I wasn't claiming it was that product he has. I just posted a link that would give people an idea of what I think he is talking about.
 
Last edited:

Thread Starter

cjmors44

Joined Feb 20, 2024
2
We have no idea of:
What your football game looks like.
How it is played.
How it is constructed.
What active and passive components it contains.
How it is wired.
How it is powered.
etc.
All we know is that it has a switch and a motor.
I don't play guessing games.
 

Jon Chandler

Joined Jun 12, 2008
1,051
I just love how people post about what they know nothing about, and then argue about it.

Dig the hole deeper!

If the poster didn't include enough information, how about not spewing out information that's probably wrong?
 

BobTPH

Joined Jun 5, 2013
8,989
There are multiple clues in the OP that convinced me he was talking about the same thing my older brother had and I had played as a kid. No, I cannot be certain that it is the same thing, but I see no reason to suppress my knowledge. Half of what do here in the forum is speculation, since we can rarely get the information we need.
 

boostbuck

Joined Oct 5, 2017
515
Electric football game

My older brother had one when we were kids.
Is that really true???? It's absolutely surreal:

" .....each player is attached to a base, with "prongs" or "brushes", also known as "cleats", on the underneath of the base. These prongs can be "coached" prior to the playing of the game by using smooth mouthed pliers which stretch, shape and or flatten the prongs to get them to perform faster, stronger and in an exact route. "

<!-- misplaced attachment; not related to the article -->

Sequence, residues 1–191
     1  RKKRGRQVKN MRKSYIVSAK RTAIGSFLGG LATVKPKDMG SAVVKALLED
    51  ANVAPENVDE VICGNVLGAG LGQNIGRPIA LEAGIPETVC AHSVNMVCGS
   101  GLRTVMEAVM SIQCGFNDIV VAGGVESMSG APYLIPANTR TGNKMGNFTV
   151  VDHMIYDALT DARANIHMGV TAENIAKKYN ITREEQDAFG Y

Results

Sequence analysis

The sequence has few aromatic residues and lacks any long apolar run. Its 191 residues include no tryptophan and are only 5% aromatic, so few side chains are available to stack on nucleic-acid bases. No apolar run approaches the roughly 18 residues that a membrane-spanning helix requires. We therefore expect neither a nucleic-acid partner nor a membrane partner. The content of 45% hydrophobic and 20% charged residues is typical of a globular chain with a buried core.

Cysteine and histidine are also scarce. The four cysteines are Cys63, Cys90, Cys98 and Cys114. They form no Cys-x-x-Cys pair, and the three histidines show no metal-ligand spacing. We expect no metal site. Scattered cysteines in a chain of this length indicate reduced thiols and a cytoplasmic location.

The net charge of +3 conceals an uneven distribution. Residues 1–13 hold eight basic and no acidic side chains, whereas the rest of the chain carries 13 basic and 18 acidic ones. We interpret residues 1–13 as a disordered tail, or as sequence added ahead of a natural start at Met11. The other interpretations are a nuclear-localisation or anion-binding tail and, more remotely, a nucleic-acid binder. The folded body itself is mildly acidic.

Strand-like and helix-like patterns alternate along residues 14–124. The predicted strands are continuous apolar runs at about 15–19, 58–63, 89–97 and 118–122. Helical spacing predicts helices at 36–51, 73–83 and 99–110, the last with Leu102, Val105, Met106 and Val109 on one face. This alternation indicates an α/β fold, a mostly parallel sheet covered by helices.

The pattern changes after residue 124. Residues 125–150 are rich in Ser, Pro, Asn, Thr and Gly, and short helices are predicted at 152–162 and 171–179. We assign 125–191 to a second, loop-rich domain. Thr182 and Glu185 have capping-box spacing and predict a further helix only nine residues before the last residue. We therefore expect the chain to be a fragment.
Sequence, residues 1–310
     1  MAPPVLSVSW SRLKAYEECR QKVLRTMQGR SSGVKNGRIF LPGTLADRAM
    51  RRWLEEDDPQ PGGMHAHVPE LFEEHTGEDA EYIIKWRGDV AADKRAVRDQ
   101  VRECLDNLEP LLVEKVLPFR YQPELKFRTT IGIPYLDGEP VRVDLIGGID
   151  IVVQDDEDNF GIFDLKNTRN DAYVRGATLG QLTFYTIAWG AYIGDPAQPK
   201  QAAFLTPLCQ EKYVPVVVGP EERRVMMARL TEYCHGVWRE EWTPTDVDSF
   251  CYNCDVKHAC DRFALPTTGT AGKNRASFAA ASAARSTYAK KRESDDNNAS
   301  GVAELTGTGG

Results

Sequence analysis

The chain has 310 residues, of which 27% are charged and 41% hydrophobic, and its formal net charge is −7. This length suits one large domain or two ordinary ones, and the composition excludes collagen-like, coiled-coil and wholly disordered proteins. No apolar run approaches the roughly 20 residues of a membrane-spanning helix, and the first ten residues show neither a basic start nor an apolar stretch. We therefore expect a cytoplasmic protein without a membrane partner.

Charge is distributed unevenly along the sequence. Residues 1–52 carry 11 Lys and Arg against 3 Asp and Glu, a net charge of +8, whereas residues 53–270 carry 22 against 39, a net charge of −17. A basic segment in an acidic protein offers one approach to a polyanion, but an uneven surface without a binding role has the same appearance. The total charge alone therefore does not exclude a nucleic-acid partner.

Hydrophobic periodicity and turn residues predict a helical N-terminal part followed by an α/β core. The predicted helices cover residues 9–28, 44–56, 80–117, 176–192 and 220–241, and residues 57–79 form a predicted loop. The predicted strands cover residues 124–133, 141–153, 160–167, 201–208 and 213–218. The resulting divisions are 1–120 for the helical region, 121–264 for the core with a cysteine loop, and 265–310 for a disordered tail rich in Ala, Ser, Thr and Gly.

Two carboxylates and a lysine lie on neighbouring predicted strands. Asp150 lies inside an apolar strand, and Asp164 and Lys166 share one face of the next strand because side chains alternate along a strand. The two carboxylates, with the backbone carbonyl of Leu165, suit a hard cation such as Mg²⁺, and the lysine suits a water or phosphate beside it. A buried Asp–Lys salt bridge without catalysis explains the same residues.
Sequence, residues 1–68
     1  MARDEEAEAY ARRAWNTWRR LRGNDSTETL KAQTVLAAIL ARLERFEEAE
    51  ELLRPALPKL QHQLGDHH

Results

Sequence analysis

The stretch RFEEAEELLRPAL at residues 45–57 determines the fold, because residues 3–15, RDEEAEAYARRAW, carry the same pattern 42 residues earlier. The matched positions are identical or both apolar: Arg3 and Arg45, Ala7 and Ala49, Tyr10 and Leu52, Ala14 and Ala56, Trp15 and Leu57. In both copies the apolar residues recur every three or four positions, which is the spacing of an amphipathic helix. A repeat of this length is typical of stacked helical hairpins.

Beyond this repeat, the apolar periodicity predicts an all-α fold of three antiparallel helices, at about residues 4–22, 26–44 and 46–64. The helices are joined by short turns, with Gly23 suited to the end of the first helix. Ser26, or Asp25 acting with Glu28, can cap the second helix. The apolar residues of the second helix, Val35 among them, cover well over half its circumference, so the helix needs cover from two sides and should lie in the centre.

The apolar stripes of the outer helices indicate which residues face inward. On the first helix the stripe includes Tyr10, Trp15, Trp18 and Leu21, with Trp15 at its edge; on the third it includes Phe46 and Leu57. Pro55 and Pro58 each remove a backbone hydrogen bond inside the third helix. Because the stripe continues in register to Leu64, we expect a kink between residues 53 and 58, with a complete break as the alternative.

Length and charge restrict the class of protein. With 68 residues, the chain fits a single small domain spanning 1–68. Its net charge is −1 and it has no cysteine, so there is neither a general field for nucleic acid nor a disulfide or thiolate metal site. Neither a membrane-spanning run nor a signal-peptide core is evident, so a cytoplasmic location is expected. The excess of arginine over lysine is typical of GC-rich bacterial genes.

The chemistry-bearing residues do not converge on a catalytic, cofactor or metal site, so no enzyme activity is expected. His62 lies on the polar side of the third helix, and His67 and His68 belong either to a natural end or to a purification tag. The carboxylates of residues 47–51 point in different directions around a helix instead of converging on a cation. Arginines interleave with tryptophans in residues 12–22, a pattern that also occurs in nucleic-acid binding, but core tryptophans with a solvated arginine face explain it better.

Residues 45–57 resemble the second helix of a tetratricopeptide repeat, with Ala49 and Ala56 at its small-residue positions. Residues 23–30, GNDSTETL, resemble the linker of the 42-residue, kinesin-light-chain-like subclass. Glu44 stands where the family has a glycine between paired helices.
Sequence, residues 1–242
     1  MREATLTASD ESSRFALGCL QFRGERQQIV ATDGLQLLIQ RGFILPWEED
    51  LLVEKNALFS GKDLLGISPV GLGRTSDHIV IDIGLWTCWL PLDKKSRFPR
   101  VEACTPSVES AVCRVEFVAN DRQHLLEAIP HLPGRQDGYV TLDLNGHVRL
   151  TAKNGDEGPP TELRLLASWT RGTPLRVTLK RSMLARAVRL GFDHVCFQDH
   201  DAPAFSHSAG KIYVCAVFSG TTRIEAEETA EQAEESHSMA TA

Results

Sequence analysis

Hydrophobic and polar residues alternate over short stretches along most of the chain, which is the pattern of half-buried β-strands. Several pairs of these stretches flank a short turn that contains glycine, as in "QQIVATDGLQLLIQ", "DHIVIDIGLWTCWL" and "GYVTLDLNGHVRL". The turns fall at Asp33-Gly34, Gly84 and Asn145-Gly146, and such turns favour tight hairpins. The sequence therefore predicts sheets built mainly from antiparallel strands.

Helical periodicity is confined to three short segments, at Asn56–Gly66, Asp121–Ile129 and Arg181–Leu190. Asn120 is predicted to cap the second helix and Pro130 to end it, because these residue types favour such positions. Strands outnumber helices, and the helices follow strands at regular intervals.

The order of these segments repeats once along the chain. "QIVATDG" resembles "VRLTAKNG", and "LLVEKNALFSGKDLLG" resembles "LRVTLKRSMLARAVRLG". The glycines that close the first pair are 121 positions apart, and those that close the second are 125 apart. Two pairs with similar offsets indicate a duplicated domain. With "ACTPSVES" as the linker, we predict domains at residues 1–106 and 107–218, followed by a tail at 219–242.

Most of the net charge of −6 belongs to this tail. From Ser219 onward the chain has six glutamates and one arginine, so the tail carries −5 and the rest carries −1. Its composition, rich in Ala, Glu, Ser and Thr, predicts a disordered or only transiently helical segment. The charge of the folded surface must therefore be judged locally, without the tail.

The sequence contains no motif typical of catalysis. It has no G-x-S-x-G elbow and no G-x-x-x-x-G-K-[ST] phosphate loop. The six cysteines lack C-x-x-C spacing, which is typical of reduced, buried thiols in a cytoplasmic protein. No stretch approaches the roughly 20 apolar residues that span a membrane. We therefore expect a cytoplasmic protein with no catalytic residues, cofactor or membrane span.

".... Special players are also used for kicking and punting and have spring legs which when pulled back and released, kick or punt the ball. "

Amazing!
 

Jon Chandler

Joined Jun 12, 2008
1,051
There are multiple clues in the OP that convinced me he was talking about the same thing my older brother had and I had played as a kid.
I believe you are right.

When I was a kid, a friend and were walking, or maybe riding bikes, down the alley. A neighbor we didn't know called out to us. "Hey, do you want this magnetic football game?" He was sitting on his back porch, which was a ways from the alley. My friend and I stopped and had a whispered conversation. "Stranger danger" and all that. "No thanks!" and we got out of there. So I *almost* had one, and I'm sure it would have been fine.
 

BobTPH

Joined Jun 5, 2013
8,989
Is that really true???? It's absolutely surreal: